A University of Melbourne PhD candidate is using "smart socks" to provide physiotherapy to those who would not usually be able to get to it.
Deepti Aggarwal has developed wearable sock units which send information on weight distribution, foot orientation and range of movement to physiotherapists who treat patients through video consultations.
Three sensors are embedded in the socks that patients wear while performing exercises as a web-interface displays the data in real time for physiotherapists.
"Smart socks" have been around a little while already, with companies like Sensoria commercially producing sensor-based socks, but Ms Aggarwal's use of the units in the medical field is pushing into new ground.
"Lower limb movements are difficult to understand over video, the movements are so subtle," Ms Aggarwal said.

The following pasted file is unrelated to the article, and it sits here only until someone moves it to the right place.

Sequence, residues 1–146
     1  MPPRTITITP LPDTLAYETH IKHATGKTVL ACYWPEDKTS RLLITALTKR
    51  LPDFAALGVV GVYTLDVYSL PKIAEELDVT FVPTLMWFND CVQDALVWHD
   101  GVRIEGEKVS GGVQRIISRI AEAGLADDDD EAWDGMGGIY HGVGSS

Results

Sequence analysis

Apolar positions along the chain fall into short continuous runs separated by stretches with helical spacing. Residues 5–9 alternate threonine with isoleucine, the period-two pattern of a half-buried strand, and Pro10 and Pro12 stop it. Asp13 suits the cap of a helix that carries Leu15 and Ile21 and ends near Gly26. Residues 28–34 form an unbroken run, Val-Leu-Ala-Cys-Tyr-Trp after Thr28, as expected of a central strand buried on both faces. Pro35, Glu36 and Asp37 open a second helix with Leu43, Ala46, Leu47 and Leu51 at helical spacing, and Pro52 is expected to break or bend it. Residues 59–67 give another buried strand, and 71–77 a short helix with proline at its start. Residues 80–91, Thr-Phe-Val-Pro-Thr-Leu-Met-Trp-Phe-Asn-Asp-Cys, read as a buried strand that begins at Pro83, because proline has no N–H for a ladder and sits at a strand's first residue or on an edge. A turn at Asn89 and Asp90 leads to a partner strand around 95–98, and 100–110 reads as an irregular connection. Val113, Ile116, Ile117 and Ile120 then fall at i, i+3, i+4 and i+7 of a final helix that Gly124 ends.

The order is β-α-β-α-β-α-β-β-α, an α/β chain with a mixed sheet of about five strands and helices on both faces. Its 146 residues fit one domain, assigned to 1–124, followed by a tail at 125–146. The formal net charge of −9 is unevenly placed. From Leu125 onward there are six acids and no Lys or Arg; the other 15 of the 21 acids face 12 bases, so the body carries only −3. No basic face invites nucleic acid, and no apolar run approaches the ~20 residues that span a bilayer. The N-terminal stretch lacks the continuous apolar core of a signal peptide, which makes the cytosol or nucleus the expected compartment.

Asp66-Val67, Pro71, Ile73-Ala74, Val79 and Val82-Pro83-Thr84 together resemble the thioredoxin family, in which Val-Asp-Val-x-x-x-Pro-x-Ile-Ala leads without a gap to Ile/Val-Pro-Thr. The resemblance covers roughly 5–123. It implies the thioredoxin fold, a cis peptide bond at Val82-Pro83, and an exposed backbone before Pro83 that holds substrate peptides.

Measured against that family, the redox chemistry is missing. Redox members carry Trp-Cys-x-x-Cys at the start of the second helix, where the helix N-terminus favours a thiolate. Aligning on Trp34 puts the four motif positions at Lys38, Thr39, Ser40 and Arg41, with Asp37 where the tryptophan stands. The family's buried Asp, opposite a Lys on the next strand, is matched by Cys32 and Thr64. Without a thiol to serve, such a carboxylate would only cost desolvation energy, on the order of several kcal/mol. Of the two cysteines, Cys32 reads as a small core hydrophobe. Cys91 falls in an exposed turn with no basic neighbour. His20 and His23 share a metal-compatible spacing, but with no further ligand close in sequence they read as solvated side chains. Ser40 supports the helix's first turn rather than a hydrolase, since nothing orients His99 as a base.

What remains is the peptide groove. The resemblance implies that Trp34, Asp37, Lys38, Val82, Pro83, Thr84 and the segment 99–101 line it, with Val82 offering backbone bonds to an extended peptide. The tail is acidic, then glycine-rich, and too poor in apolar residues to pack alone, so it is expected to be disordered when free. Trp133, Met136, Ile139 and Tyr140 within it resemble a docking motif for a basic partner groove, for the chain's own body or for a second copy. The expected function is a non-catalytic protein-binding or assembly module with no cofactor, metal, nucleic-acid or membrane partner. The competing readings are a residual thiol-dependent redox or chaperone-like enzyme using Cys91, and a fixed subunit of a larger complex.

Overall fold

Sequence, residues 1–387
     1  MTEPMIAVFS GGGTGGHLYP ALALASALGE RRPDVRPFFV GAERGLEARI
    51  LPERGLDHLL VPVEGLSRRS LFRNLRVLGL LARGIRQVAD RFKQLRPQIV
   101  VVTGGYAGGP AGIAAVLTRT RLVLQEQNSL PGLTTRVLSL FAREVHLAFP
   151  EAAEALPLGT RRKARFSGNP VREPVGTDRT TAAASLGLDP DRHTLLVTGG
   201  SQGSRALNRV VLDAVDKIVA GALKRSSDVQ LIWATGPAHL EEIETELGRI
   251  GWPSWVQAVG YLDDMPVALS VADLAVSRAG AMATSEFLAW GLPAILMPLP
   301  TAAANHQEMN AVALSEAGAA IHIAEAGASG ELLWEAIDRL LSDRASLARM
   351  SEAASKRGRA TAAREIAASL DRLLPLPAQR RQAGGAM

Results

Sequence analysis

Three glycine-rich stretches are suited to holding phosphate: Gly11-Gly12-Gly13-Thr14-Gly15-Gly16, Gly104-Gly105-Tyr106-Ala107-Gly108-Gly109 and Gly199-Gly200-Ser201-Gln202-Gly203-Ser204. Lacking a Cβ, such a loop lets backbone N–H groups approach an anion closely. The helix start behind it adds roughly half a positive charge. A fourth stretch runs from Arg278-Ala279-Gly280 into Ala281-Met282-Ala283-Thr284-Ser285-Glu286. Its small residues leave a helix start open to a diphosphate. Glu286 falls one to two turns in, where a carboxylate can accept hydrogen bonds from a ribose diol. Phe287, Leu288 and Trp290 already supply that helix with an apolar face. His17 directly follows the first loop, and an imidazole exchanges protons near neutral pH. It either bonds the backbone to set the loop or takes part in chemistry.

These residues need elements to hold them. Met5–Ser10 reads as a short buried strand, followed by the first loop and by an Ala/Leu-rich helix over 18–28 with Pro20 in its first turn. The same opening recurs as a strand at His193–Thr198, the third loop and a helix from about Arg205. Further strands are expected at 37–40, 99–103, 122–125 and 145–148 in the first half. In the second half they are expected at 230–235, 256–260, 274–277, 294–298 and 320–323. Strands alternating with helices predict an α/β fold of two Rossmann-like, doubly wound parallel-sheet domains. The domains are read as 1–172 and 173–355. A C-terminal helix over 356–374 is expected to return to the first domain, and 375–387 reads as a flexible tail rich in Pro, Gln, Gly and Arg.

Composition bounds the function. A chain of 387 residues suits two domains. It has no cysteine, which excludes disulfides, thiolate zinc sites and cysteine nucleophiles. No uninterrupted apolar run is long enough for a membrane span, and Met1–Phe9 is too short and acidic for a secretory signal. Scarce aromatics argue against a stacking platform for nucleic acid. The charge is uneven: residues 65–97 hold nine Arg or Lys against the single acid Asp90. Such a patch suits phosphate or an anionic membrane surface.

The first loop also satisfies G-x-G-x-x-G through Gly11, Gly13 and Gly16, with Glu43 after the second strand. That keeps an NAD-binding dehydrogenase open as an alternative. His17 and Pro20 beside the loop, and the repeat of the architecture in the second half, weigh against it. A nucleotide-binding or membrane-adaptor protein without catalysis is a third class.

The smart socks were trialled with three patients and a physiotherapist at the Royal Children's Hospital, Melbourne, between February and June 2017 and they were an instant hit.
"When I was trialling these socks, the patients wanted to take the socks home and physiotherapists wanted to use them with other patients," Ms Aggarwal told AAP.
Ms Aggarwal's prototype socks, which cost $300 to make, are not currently available for sale.
"My hope is that someone takes this system and takes it to the market," she said.
"There are many more dimensions we can explore - it can be beneficial for foot injuries, even for elderly people."
The technology could also be used for pregnant women who can't regularly travel for face-to-face care, she said.
"(It's) not a replacement for face-to-face consultations, rather they're the next best solution to support patients in critical situations such as those with severe pain and mobility issues."